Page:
No Guts, No Morning Glories

I remember my jump from environmental science to plant biology being pretty, spontaneous. However, it was a good spontaneous. The kind where you do something you never considered, or talk to someone you would never usually cross paths with and think to yourself, “Hey I really like this!” Before that point, I did not even know I could do a focus on plant biology. I had always loved plants, but I did not know there was a place here where I could work with them all the time. I would not have known about plant biology here at Duke if I had not reached out to someone in that department. That one conversation encouraged me to look more into a plant biology concentration here at Duke, and through that conversation, I have made so many connections and found out about opportunities all over campus, in the greenhouse, and out on the field. So if there is one thing I am excited about this summer, it is making new connections in the plant biology department and being a part of the scientific community here at Duke.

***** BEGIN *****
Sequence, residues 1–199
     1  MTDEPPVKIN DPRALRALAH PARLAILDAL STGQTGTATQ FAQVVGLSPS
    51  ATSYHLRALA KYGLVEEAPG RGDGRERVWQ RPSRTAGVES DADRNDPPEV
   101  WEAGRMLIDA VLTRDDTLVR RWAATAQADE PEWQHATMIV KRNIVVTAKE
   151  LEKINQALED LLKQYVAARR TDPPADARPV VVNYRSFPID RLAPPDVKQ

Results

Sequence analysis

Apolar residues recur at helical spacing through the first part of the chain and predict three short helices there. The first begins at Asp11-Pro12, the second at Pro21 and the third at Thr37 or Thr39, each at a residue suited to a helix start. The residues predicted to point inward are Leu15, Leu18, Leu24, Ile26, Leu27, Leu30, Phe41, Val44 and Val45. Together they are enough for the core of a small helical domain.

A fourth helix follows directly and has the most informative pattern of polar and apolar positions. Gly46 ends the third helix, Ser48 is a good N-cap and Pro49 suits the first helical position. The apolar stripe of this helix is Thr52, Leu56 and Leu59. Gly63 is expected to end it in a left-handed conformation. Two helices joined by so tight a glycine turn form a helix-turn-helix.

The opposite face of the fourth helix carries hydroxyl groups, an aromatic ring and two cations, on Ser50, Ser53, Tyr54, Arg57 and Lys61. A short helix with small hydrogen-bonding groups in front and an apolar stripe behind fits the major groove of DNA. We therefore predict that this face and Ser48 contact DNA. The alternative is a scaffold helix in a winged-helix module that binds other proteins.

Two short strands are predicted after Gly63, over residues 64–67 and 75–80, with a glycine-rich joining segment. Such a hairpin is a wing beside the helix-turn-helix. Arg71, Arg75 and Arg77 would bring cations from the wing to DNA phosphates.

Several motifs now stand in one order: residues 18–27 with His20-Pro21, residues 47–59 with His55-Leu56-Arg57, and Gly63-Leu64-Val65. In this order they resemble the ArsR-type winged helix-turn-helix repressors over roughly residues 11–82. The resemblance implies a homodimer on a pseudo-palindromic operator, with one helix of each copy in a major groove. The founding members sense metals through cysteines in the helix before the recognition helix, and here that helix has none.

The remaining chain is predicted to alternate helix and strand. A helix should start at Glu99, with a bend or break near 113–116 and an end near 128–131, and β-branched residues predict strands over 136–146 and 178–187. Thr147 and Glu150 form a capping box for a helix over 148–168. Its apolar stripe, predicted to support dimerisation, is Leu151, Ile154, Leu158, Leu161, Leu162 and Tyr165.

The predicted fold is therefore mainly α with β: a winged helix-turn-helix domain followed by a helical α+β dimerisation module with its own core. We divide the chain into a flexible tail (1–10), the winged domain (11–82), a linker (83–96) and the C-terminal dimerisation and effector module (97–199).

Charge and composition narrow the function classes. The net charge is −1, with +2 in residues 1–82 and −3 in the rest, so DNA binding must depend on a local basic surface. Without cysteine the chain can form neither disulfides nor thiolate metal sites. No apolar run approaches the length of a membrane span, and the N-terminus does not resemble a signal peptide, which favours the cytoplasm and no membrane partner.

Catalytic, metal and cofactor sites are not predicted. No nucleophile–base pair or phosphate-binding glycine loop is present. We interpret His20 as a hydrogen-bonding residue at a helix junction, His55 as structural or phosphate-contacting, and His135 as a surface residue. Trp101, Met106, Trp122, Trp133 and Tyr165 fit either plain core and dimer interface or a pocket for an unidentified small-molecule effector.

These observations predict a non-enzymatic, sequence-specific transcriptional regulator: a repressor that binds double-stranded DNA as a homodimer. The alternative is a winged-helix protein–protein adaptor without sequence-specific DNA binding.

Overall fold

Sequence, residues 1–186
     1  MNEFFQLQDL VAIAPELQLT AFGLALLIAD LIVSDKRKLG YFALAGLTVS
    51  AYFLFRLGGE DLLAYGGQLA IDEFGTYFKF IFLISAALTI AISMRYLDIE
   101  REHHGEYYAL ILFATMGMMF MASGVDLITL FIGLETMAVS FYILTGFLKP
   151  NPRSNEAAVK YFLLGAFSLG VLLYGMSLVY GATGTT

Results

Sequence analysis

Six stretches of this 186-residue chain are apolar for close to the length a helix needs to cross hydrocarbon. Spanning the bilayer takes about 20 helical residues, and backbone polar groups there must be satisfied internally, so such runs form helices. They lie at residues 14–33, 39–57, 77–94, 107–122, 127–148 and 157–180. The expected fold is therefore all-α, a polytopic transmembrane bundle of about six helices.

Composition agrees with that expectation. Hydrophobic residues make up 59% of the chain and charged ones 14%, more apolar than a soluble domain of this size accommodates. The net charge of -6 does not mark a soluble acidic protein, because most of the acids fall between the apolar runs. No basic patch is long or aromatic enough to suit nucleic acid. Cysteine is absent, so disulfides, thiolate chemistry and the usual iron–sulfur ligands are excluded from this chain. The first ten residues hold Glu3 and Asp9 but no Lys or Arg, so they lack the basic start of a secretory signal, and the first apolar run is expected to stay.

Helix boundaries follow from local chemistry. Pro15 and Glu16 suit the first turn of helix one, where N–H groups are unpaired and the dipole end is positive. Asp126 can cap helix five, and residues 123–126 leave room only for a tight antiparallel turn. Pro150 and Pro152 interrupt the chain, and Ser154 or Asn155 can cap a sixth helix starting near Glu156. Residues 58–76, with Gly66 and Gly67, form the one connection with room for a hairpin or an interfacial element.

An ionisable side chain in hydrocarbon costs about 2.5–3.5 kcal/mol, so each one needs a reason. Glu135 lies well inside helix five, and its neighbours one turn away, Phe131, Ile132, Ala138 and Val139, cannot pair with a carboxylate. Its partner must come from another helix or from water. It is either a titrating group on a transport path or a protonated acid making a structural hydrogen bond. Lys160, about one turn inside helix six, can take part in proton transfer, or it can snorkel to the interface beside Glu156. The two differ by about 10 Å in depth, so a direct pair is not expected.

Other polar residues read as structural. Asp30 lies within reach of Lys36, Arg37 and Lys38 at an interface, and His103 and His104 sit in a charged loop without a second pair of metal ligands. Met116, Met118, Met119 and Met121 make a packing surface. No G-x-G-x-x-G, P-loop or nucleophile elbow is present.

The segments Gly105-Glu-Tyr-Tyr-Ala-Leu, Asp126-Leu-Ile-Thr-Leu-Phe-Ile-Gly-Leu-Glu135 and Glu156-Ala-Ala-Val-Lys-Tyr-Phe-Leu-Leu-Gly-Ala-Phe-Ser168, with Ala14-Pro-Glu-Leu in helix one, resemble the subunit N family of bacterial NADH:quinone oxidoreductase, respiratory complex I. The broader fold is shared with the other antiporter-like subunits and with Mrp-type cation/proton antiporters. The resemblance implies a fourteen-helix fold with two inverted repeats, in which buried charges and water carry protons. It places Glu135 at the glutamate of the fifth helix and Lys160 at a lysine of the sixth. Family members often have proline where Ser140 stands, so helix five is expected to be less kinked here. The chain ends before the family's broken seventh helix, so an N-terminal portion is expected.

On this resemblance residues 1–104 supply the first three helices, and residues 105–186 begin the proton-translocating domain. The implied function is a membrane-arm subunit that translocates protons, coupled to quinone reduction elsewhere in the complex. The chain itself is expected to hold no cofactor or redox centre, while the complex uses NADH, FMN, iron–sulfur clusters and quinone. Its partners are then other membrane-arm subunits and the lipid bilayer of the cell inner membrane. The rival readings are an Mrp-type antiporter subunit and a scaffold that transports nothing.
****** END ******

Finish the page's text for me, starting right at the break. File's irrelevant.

For my research, I am working in Rausher Labs and my mentor is Jonathan Colen. We are working on a type of flower called Morning Glories (Ipomoea). While training in the greenhouse with plants was fun, my favorite part of today, and what I am most excited about in the future, was meeting the greenhouse staff and Jonathan’s peers in the lab. They were all very knowledgeable about their research and the research going on around them. Also, they would always end their introductions with “If you ever need any help or information, just let me know” It was nice getting to know all these passionate individuals who were willing to help me, and it was only the first day. I know that through BSURF I will have many more spontaneous, path-changing conversations, and make many friends in the department while having them. So that is the thing I am most excited about through my research

Crafton, Linda. “Hinge Bindweed Flowers.” Owlcation, 2012,

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